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This kitchen is designed with an eye toward the environment

In Cambridge, an interior architect who focuses on adaptive reuse renovates on a budget.

Danielle robertson

Raquel Swartz, interior architect and founder of Seviva Design, recently applied her design philosophy to her own Cambridge kitchen. “ Seviva means environment in Hebrew,” she says. “I design with the environment in mind, whether that means reusing materials or sourcing ones that are local or have the least impact on the environment.” Her taste is minimalist, but the pre-renovation kitchen, with its red wood and wine-colored granite, was anything but. By swapping out the countertops, replacing one of the upper cabinets with open shelving, and refacing the rest, Swartz was able to create a kitchen that channels the Japanese-inspired aesthetic she loves. “I tried to be as resourceful as possible with materials to create a sustainable, contemporary space with an emphasis on natural elements,” she says.

1 The countertops, ledge, and backsplash are gray Caesarstone with a pebble-honed finish that resembles concrete. “It has a wabi-sabi look,” the designer says, referencing the Japanese philosophy that beauty is imperfect. The material is also very durable. “Part of the idea of sustainability is to consider the longevity of a space,” Swartz says.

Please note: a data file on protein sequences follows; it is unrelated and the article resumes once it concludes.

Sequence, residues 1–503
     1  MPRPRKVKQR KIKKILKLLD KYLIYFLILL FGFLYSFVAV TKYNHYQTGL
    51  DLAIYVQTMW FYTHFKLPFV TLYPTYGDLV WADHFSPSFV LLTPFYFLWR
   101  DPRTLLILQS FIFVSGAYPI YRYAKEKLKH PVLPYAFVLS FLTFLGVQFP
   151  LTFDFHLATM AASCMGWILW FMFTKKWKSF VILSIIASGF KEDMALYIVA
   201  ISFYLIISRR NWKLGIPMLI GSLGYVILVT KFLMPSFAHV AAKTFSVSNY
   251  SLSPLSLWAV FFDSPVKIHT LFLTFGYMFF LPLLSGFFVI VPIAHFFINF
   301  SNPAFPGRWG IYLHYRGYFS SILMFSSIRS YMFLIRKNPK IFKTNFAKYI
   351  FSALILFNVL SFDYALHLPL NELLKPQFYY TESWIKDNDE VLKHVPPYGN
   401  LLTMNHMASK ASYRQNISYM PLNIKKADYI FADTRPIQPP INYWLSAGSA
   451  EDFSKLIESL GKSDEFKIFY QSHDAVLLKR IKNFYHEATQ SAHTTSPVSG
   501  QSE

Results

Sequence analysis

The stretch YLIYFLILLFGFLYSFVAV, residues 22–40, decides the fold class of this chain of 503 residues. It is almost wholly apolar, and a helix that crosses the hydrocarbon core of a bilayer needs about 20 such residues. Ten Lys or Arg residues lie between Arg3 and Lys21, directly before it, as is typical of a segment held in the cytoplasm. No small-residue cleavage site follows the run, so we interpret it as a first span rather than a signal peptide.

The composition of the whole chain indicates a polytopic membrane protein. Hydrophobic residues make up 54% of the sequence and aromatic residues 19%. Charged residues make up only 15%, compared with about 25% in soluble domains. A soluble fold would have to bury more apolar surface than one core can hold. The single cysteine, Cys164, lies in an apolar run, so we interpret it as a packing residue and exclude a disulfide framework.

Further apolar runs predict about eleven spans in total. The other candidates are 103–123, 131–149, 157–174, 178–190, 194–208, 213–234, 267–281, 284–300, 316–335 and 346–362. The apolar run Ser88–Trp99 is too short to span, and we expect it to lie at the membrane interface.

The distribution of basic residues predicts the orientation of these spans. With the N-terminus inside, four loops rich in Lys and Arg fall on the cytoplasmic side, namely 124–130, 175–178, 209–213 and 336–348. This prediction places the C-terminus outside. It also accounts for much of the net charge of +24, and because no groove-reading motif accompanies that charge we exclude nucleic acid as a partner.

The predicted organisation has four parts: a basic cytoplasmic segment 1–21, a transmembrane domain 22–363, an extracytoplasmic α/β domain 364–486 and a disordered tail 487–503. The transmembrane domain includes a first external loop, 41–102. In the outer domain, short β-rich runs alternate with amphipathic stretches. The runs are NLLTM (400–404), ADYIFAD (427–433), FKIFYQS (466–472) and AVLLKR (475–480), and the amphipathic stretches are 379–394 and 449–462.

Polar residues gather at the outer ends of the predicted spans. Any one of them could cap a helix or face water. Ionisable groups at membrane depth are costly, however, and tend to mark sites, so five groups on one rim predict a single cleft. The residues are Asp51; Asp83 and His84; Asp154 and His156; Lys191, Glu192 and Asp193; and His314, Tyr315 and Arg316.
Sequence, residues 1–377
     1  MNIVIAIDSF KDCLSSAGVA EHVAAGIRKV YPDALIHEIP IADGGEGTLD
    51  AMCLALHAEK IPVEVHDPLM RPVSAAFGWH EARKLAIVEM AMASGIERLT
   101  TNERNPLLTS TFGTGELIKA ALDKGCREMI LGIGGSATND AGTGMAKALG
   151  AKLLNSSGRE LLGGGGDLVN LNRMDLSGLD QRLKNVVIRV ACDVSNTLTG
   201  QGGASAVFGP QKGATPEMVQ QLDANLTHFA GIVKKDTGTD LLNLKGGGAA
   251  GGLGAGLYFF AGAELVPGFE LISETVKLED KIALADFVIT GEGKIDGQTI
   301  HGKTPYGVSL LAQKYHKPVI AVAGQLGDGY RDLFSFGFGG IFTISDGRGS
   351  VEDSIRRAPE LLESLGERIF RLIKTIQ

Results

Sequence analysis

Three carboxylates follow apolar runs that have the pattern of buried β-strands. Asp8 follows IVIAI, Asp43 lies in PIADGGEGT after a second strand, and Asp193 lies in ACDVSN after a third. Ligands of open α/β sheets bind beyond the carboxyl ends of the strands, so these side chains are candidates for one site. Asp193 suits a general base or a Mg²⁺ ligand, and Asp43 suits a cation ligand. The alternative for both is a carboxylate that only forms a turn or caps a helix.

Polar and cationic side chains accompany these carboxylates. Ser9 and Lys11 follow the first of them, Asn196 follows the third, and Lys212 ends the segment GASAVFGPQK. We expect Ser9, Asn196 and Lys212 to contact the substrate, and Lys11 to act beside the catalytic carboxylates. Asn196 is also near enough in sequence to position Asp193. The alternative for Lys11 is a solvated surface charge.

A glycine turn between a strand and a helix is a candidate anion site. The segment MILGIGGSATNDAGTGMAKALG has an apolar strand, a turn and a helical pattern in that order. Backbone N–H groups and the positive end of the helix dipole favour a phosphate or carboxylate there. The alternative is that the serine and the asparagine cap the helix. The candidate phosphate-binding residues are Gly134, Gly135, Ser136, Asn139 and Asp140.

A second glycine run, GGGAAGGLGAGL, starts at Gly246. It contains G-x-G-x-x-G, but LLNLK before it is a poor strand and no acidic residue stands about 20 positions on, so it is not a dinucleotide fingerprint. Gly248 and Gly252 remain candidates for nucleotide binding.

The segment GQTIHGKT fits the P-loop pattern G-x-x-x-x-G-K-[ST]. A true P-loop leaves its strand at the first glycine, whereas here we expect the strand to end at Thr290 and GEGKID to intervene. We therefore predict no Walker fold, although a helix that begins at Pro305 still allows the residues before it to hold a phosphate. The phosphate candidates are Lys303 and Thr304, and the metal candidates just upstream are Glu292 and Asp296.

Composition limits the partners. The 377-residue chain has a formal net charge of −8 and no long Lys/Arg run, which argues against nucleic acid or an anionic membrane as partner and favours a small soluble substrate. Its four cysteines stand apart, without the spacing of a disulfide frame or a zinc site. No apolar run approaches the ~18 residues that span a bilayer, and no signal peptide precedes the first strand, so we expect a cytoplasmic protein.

2 Winthrop-based contracting firm Shepherd PMC made a trio of custom-stained wood shelves to replace the upper cabinet that Swartz relocated to her laundry room. The top shelf maintains the strict linearity of the arrangement and minimizes the gathering of dust.

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3 The cabinet faces, also made by Shepherd PMC, are stained with Rubio Monocoat, a zero percent VOC hard-wax oil finish. Swartz chose a mix of black with a silver topcoat for the uppers and two shades of white for the base cabinets.

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4 Swartz installed a backsplash on both sides of the range, but not above it. This lowered her cost, and helps avoid potential hassles if the range is replaced. “The new one would likely be a different height, which could require demolition,” she says.

5 Skipping hardware on the upper cabinets, and choosing simple metal tabs for the lower ones, enhance Swartz’s minimalist design. “The face [of each upper cabinet] extends below the bottom of the cabinet [frame] so you can open them from behind.”

6 Swartz mitigated the red undertones of the floorboards by using pale base cabinets around the perimeter. “Once I saw the white finish against the red,” she says, “I decided the cost of refinishing the floors wasn’t necessary.”

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